The prefix Xen- means foreigner or stranger, and the suffix -Ne means ‘not.’ We are strangers to ourselves until we face the mirror and meet the eyes of humanity.
From her earliest days, Erica Xenne burned with passion, but her fire was too bright for the world to sustain. She poured herself into songs and diaries which evolved to novels and a singing career in her teens. Les Misérables was her first obsession, inspiring her to dance with her shadow and illuminating paths to salvation. She dreamed that one day, her own music might move others so profoundly, undressing their spirits and rousing them into catharsis.
Cycles of resurgence wove through Erica’s compositions, and also, her life. At sixteen, she fell ill and found herself on her death bed. “I may die,” she told herself, “and that is out of my control. But I am going to fight for life with everything I have, because I still have songs to sing.”
Though her battle with illness would continue indefinitely, she recovered most of her faculties – but there was one loss she could never reclaim. She emerged with vocal cord damage and was left speaking in a whisper permanently, wondering: what was the purpose of her life, if her striving was for naught, and who was she, now bereft of her greatest passion?
In the absence of direction and purpose, Erica was consumed by insatiable hunger. She devolved into isolated musings, poring over Jung, mythology and dreams in a desperate fight to face her demons. By ripping herself down to the animal within, she crushed her vulnerability and embodied her most primal energy. She could desire, inspire and consume, but could not love. A primordial sentiment expressed itself through her, as she became “So carnal, it’s spiritual.”
This lifestyle fueled a volcanic fury that erupted at age 21. As Erica rode in the car with a friend, both holding a crystal orb, an entire trilogy unfolded in her mind. The story followed a rebel’s rise to power with focus on challenging beliefs, seeking cosmic purpose and learning how to love. After unraveling themselves to unveil their connection to the universe, the characters join with the elements to determine the course of the world.
Though Erica had completed novels before, she was never a talented writer, but this story rested on philosophical underpinnings that had always compelled her. She resolved to gain the skills and insight to give birth to the vision. At school, she studied Comparative Religion and Anthropology; at home, she joined with linguist Elliott Lash to flesh out a shared universe. Yet her inner war raged on, and her early drafts suffered the consequence. It became clear that she could not nourish a hero’s voice until she resurrected her own.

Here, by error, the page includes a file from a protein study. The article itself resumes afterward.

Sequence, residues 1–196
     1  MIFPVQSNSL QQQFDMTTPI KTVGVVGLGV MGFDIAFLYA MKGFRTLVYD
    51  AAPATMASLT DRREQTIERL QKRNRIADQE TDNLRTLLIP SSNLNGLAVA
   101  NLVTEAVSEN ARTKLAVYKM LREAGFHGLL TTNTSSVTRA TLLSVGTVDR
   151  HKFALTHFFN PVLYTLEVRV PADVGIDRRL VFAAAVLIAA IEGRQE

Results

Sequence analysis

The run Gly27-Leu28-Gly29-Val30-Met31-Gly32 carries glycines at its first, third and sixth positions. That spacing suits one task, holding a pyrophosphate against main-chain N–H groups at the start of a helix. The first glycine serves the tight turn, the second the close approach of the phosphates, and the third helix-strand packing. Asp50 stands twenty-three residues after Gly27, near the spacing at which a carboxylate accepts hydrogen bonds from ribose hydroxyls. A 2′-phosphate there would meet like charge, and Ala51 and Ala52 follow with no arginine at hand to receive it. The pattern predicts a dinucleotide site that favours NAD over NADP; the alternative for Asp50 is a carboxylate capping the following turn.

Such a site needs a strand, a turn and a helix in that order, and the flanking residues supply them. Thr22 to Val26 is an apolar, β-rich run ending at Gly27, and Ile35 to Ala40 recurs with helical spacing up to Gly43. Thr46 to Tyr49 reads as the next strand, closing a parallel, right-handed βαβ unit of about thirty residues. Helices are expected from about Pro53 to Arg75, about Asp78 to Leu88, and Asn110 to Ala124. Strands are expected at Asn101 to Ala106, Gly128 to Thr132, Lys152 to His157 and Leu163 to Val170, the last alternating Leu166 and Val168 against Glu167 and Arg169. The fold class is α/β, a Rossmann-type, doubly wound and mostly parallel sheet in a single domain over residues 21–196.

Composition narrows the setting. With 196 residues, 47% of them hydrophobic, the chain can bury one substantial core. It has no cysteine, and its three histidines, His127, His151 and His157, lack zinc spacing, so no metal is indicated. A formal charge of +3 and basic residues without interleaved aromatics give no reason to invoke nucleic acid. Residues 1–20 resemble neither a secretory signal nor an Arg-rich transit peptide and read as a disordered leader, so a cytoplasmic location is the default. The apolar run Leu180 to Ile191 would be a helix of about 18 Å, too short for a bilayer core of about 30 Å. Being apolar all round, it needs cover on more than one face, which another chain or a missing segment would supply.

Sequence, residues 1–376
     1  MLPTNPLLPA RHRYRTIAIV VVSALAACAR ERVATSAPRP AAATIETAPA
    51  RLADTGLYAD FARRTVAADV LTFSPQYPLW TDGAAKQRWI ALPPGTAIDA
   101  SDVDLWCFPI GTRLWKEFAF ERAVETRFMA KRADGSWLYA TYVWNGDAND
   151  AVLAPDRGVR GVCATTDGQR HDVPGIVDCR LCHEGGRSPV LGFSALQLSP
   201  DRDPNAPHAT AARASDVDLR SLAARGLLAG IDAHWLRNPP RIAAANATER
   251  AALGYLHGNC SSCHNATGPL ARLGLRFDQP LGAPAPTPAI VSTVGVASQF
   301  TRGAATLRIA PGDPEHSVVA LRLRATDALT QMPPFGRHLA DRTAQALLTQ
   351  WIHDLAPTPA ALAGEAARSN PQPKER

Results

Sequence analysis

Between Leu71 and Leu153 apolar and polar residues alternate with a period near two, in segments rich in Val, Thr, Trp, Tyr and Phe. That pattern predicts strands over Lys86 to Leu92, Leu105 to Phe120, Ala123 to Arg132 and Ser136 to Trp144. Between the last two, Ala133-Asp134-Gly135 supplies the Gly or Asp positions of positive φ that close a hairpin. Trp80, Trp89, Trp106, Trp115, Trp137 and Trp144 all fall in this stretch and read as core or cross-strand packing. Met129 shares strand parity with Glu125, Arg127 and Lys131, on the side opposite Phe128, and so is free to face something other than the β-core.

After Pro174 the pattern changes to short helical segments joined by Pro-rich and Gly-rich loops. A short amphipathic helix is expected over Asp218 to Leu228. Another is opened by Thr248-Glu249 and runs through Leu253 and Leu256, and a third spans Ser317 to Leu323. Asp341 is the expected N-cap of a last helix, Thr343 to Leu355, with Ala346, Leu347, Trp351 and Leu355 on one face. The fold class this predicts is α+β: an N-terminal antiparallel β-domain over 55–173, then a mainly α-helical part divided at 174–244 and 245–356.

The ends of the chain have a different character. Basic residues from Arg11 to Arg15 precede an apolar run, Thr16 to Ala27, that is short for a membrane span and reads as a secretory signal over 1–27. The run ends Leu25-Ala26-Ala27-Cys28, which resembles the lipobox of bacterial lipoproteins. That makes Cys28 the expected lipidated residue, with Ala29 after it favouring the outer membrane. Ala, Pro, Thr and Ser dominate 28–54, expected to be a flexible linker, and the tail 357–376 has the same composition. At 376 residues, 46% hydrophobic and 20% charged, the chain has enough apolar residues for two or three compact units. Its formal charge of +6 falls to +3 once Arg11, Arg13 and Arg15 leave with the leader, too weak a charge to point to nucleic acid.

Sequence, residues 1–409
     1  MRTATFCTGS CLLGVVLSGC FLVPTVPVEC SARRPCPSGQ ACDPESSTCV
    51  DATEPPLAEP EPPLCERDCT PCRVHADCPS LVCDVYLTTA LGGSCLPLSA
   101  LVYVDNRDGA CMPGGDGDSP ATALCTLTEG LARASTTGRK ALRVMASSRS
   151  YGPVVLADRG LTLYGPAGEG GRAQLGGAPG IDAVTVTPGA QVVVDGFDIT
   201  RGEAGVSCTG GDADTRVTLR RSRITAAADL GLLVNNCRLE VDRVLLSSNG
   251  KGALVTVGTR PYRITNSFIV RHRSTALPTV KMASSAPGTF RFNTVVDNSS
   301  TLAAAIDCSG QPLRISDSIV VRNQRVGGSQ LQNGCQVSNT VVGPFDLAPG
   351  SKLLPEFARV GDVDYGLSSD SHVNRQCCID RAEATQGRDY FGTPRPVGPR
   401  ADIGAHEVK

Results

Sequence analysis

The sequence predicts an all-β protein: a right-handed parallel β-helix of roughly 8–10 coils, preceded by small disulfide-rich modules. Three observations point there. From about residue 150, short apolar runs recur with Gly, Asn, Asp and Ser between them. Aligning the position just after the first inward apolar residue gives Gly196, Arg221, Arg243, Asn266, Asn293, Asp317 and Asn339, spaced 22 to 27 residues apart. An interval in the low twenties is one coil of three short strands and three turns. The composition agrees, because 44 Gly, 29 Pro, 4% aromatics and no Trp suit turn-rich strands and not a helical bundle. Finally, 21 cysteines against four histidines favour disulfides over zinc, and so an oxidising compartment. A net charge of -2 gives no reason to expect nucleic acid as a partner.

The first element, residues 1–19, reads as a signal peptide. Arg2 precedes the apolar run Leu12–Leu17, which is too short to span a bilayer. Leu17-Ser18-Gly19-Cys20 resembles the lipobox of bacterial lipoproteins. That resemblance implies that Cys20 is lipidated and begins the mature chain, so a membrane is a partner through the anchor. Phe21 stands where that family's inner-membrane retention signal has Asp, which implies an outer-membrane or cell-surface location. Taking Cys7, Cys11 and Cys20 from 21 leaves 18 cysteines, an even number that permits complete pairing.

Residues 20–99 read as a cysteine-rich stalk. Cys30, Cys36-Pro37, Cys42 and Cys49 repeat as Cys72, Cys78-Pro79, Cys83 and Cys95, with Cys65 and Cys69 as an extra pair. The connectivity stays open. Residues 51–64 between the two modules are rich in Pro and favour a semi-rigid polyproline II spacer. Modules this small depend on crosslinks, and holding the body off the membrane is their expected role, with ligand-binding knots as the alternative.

Burning with conviction, she summoned the ghost of her voice to rise from the ashes. Her sound was elusive, broken and raw, but she persisted, building it up for years despite recurring health setbacks. She fought with blood, sweat and tears to capture any shred of potency, and beat the odds senseless.
“My powerful voice was reduced to a whisper, but I am still a vessel through which passion emerges,” said she. “Take my voice, my hair, my mobility, my memory… but if you want my fire, you will have to kill me.” Through this battle, she was reborn.
True to her hope, when Erica resumed her opus, she infused it with beauty and love. She is now preparing the first book for publication.
Her passion is to explore passion itself and her purpose is to be a vessel through which it emerges. This vessel is her very being, and she tweaks and refines it, forever honing the skill to capture the insights that erupt from the aether. She strives to mirror the forces that drive all beings at base, so that through her designs, others may see their own reflection. She hopes to strip them down until their illusions are destroyed, and all that is left is the beat of their hearts, dancing along to the rhythm of the world.
“On a deeper level, I live to expose my true self through my work. I feel I’m a vessel through which songs and stories emerge. The content serves as a mirror. It exposes parts of myself that are buried deep within my subconscious, and which might otherwise remain unnoticed. In sharing my work, I hope to function as a mirror for others. What success means, to me, is knowing that my fight to sing on my album, despite speaking in a whisper, has inspired someone else to create her own artwork. Success is hearing someone quote my lyrics or reference my stories because it expresses something SHE is feeling. I want people to see themselves in my work, rather than merely seeing “me.” I want to touch on something universal. And, through bearing my own soul, I hope to inspire others to express themselves honestly, and to pursue their dreams against all odds.” -Erica Xenne, 2012